After my blog about my Elite 8 Leadership Principles, I got a call from one of my closest colleagues in the coaching and speaking biz.
As close friends can do, he came on very strong about calling my lesson on the Elite 8 “nice, but not reality”. Hmmmm, tell me more I said.
He proceeded to remind me that workers everywhere get blasted routinely. “Forgive and forget” he questioned, “Really?” He shared several stories about how some of his clients were in a troubling spiral for finding new jobs after having gotten “blown up at their last place of employment” (not literally of course).
I listened intently, then reminded him that my target audience is not employees in general, but rather the managers and leaders who are tasked with guiding the employee.
So, to my friend’s well intended commentary, I say this:
1. My Elite 8 are principles meant to build a foundation. I said as much in the opening lines. As with all construction, once the foundation is poured, winds, rain, and lightening may come. The strength of the foundation helps to determine how soundly the rest of the structure remains after the storms blow.
As for employees getting “blown up at work” no doubt that happens. I myself have endured less than good experiences at the hand of management that had a weak foundation. My guess is the manager who did the hurtful handling did not practice his own set of principles, certainly not my list. Thus my point for teaching my Elite 8.
2. The principles give guidance for choices about how to approach management. If you have been selected or elected to perform a management role, you have to make a choice about how you will lead. My principles are ones I have found beneficial and fruitful.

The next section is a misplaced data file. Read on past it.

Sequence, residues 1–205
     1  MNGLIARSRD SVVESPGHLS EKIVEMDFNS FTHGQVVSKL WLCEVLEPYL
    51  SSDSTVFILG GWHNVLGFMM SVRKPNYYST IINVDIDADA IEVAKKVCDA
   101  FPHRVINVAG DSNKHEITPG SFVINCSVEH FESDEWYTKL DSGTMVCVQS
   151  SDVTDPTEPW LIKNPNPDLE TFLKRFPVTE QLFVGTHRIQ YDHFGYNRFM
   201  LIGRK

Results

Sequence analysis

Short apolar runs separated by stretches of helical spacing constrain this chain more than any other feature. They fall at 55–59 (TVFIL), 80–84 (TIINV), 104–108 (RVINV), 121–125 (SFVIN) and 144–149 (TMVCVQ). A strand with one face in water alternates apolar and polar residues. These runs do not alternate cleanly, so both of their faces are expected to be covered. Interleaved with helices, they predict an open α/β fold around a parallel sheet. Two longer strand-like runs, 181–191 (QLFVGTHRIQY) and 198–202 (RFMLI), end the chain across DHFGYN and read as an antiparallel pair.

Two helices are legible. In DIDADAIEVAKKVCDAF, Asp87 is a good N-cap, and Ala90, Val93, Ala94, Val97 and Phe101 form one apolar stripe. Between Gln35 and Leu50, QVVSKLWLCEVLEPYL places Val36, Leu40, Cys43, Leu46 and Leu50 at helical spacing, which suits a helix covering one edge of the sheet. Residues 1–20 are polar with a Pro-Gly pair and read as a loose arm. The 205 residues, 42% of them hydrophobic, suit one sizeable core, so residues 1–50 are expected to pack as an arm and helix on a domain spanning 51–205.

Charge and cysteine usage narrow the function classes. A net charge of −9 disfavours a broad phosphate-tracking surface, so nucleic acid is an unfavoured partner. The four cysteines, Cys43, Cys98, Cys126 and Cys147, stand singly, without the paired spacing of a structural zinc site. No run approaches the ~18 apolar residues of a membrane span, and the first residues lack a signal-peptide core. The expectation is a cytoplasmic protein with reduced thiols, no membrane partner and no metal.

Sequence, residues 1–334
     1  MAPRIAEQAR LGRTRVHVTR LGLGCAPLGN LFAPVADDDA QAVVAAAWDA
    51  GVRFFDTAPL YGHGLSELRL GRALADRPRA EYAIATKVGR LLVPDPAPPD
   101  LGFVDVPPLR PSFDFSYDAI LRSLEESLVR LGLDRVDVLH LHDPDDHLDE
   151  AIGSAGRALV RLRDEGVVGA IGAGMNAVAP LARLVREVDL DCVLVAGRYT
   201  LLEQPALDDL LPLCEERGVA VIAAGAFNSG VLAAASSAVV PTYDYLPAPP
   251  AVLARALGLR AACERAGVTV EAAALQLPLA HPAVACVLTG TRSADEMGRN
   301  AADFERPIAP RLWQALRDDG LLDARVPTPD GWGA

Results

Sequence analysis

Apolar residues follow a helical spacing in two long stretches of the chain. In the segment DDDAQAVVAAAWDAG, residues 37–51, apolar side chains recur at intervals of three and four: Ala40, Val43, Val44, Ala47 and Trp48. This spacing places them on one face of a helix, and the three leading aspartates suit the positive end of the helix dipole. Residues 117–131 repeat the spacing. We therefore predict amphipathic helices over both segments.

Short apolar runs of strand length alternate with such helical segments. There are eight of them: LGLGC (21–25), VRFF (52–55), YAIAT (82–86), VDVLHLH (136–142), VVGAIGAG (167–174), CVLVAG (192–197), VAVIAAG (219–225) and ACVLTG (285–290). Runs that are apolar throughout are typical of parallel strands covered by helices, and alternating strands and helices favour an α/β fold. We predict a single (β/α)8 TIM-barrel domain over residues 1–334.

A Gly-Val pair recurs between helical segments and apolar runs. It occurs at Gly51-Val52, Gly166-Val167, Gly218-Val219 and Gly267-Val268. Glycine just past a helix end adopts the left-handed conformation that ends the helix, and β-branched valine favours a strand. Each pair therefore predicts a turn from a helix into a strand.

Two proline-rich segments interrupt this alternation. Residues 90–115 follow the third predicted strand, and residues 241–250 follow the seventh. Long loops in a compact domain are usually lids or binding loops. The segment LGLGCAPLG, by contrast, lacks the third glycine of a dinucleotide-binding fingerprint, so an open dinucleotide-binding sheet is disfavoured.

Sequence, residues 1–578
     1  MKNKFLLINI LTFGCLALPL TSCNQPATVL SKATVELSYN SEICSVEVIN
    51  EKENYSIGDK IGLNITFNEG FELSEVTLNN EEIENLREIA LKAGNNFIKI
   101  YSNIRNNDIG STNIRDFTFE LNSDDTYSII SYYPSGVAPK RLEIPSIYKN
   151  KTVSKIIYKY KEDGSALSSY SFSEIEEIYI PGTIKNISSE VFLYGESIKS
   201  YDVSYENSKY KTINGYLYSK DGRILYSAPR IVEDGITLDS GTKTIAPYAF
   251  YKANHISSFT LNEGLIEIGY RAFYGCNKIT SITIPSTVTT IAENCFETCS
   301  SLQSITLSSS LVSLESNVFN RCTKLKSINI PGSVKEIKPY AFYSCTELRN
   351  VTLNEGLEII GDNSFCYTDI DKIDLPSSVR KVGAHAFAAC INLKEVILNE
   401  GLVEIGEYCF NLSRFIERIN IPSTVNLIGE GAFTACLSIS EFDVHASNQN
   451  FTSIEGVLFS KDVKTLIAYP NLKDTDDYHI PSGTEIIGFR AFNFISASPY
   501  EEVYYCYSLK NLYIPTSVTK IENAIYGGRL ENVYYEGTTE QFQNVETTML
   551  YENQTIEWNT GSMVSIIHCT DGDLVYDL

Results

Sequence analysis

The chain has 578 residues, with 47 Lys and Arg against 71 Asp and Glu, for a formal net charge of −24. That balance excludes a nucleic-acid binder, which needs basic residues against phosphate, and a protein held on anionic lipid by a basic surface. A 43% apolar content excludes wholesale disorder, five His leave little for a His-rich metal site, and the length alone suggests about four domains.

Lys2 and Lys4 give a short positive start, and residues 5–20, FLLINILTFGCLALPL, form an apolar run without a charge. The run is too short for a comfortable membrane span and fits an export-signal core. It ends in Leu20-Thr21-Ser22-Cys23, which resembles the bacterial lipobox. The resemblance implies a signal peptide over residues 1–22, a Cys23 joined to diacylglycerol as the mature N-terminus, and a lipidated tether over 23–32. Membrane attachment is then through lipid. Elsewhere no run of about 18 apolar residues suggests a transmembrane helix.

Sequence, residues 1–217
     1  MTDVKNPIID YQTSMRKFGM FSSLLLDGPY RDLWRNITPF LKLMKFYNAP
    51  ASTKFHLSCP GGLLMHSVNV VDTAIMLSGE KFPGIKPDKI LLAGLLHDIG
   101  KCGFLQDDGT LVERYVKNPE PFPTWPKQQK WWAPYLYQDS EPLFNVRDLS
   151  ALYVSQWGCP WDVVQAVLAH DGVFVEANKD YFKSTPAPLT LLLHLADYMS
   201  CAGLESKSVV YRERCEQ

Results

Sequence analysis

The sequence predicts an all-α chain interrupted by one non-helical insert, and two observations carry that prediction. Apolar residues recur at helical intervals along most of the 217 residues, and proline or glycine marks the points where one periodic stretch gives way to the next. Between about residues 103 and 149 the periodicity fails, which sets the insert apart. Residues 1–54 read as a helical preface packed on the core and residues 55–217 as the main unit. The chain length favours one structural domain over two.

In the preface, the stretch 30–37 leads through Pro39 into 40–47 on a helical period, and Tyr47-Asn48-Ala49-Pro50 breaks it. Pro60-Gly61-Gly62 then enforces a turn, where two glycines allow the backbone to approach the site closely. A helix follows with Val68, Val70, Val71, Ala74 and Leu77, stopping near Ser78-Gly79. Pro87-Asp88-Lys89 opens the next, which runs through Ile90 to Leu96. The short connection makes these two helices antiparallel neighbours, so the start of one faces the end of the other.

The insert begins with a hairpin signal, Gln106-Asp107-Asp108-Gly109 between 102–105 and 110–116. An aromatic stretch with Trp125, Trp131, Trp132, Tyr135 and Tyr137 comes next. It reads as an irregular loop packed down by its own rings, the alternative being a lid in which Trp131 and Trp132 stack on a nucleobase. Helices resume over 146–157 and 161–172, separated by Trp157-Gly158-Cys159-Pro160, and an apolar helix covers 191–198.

When I have had a team to lead, the more consistency I can provide, living and operating by a set of foundational principles, the better the team performs. When I deviate from those principles, there are many outcomes that do not serve anyone very well.
3, Lastly, I agree wholeheartedly with my friend. The reality in today’s workplace is not employee friendly, at least in not many organizations. Workers everywhere must be on guard and vigilant about being able to protect and promote their own interests (without bragging of course – see footnote).
My heart is for the managers who can make a difference. There can be changes made in the workplace. How? By managers who embrace the need for change and who, themselves, are willing to set a higher standard for personal performance, integrity, and professionalism.
Do this and you won’t have employees getting blindsided by bad acts.
Footnote: My esteemed friend is none other than Rick Gillis, author of “Promote!” and “Job!”. Rick is leading the charge for teaching how to promote yourself in the workplace without bragging. Great stuff!